More on the #cancel phenomenon, once again prompted by an essay by Paul Graham. If you don't know who he is, PG is considered a thought leader by the Silicon Valley crowd. He's also one of the founders of Y-Combinator, the startup incubator.

You may also want to know what a thought leader is. The simplest definition I know is: a thought leader is an intellectual with fewer ideas and a lot more money.

A slightly more complex definition: a thought leader is someone with more money than ideas whose job is to convince you how to make money with your ideas.

Intellectuals skew radical. Thought leaders skew conservative. BTW, radical and conservative aren't synonymous with left wing and right wing. A radical is a person whose beliefs lie at one extreme of the currently acceptable spectrum of beliefs. For example, you're a libertarian radical if you belief that governments shouldn't levy taxes, offer public goods or come in the way of any private activity.

While 'extreme' is a subjective term, here's a model that works for me: beliefs are like planets around the social sun. At some point, the planets give way to the interstellar void; in between the planets and the stars is a belt full of cranks and psychopaths. If you believe in no government, you're a planet; if you believe governments (literally) eat children, you're a crank; if you eat children, you're a psychopath.

Back to PG.

He thinks a wealth tax is a bad idea. Which isn't surprising because he's a very rich man whose professional interests lie in convincing people they should invest their time and energy in making themselves very rich and making PG even richer. Why would young men (they are mostly men) flock to San Fransisco to listen to PG's thought leadership if they didn't think he was capable of making them money?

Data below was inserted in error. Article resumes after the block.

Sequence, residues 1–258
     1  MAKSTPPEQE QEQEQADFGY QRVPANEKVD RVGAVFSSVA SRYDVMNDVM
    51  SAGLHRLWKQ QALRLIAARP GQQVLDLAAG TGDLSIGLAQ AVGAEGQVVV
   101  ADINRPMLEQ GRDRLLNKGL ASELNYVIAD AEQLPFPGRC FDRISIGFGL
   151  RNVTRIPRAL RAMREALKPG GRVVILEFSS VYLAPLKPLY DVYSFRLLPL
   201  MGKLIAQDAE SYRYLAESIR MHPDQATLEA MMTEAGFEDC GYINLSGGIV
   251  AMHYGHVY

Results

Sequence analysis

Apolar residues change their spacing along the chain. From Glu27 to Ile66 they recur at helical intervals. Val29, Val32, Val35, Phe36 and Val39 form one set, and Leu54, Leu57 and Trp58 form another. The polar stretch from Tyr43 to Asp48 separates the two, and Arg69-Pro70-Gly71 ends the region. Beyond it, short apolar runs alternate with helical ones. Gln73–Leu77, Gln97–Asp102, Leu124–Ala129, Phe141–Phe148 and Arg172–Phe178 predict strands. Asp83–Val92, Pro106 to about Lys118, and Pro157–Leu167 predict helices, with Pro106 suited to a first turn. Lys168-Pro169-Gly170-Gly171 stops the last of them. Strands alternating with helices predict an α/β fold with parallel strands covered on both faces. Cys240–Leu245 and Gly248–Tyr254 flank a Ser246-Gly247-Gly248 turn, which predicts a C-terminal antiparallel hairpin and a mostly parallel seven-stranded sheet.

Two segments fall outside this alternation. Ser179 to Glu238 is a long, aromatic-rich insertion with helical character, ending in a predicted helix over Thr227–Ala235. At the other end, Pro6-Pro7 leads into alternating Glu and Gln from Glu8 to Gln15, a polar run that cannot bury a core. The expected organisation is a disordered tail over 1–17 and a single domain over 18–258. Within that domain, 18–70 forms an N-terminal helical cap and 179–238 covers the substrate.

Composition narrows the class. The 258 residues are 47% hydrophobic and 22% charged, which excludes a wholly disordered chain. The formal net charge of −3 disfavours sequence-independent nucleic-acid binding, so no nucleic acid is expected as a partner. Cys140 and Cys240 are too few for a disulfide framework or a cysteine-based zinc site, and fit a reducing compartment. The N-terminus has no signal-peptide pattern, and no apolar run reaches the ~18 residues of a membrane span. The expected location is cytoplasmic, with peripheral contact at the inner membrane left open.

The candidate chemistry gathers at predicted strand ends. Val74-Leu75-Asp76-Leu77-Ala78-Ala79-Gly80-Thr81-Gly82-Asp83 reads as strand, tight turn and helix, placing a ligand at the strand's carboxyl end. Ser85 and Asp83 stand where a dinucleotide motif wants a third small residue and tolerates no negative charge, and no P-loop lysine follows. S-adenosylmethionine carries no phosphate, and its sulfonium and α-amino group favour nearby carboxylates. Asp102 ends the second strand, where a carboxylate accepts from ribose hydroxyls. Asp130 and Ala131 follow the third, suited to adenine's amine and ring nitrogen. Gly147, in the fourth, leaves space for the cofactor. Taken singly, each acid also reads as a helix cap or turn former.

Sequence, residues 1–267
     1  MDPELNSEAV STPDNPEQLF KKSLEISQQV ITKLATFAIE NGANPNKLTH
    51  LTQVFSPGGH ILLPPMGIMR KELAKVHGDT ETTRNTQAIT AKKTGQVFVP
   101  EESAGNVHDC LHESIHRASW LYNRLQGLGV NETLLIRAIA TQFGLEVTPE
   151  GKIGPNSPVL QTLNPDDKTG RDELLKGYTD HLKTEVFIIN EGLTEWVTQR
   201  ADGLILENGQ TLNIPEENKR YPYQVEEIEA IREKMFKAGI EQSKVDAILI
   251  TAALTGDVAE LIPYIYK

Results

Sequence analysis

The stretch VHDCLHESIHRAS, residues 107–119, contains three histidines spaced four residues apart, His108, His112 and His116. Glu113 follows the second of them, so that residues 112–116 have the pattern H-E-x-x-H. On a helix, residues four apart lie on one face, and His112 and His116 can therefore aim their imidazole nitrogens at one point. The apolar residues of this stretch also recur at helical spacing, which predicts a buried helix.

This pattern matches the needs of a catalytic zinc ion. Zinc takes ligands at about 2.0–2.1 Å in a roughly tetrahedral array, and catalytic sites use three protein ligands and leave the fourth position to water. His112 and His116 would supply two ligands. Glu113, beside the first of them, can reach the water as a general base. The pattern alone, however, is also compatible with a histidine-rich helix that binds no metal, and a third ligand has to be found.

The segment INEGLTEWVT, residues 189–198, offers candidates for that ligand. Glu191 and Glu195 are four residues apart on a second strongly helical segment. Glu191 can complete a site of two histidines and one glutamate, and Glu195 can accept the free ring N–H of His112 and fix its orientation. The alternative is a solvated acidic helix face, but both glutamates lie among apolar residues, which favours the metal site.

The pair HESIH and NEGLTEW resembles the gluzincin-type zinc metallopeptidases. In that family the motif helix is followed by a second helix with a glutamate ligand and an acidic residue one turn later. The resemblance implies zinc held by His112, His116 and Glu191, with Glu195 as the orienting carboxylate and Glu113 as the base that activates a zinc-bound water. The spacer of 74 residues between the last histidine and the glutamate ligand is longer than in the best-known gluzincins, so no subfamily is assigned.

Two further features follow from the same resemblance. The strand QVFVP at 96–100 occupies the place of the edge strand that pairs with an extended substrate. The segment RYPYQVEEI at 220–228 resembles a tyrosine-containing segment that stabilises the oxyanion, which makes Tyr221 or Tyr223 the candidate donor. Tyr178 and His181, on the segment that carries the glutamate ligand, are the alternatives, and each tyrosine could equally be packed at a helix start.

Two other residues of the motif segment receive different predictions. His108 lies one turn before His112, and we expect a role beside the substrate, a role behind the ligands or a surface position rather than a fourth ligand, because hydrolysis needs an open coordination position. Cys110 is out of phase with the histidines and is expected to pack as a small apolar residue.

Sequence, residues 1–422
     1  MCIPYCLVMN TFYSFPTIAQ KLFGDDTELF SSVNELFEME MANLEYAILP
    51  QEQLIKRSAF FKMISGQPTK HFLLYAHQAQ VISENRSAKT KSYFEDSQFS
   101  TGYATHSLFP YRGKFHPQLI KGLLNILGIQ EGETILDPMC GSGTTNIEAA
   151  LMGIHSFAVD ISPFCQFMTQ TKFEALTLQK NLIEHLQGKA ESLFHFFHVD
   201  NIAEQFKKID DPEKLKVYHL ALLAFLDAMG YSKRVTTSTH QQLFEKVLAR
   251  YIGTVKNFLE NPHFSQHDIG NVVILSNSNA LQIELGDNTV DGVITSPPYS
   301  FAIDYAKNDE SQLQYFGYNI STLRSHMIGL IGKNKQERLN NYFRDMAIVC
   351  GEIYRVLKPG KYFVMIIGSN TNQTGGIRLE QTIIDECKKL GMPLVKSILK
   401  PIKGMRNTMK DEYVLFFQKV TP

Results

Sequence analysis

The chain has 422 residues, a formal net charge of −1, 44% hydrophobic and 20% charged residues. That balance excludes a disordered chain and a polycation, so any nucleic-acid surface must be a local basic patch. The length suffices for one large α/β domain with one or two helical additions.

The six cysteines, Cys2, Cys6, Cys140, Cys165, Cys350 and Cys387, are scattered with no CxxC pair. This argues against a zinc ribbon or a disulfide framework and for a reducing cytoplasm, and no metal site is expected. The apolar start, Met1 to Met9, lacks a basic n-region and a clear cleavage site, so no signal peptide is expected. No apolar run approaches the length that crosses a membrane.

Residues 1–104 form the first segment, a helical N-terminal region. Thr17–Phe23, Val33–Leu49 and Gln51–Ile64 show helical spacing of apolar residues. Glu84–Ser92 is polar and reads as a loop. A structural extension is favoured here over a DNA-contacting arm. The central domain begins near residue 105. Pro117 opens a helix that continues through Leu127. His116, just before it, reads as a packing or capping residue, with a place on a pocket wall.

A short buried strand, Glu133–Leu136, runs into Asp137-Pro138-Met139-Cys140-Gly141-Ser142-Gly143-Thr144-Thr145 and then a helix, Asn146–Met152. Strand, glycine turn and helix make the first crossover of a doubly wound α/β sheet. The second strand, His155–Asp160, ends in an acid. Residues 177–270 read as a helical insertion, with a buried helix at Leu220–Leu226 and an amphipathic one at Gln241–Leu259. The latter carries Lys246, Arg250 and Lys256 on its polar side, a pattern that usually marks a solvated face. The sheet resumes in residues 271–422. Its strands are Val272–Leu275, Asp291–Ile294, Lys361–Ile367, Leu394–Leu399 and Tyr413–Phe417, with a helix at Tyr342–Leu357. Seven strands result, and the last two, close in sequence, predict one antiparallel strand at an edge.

PG is conservative that way, as in, he is at the top of the totem pole and prefers a world that not only keeps him at the top, but also retains the system that keeps him on top. He's also a liberal in the classic sense: he believes in gay rights, racial equality etc, but not at the cost of rocking the boat.

In that he's similar to Steven Pinker and others who are being canceled. The target of #cancel culture isn't the fascist or the white supremacist. It's the liberal conservative. Another term for the target: the neoliberal.

A question arises: why?

We think dreams are important because of their content, i.e., 'what it was like to be in the dream.' You might have been flying from planet to planet, embarrassing yourself by showing up naked to an interview or meeting your future soul mate: there's no shortage of religious, psychological and astrological interpretation of dreams.

But what about the mood of the dream, the trace it leaves after it exits your mind?

I had this long, vivid dream of visiting Paris yesterday night; landing in the airport and immediately being transported to a terribly boring lecture by a French academic who went on and on about politics and security. I can't remember a word of what he said, but I recall how his pants were too short and yet he had folded them at the bottom.


And then I went to this amazing black lives matter rally, except that it was a dance and music performance. I can't remember the words there either, but remember the power of one woman's singing in particular.

Soon it was time to go to our final destination. A cafe that was right next to another cafe – a Siamese twin cafe, so to speak. We never got there. I panicked when I couldn't see my daughter on the trip to the bus stop, she wasn't anywhere on the sidewalk. Then I saw her sitting in the front row of the bus we were going to take.

I wanted to climb the bus steps and sit next to my daughter but someone wasn't letting me in. They didn't prevent me from boarding but kept wanting to talk to me right there when all I wanted was to get inside and sit next to my daughter.

And then the dream ended.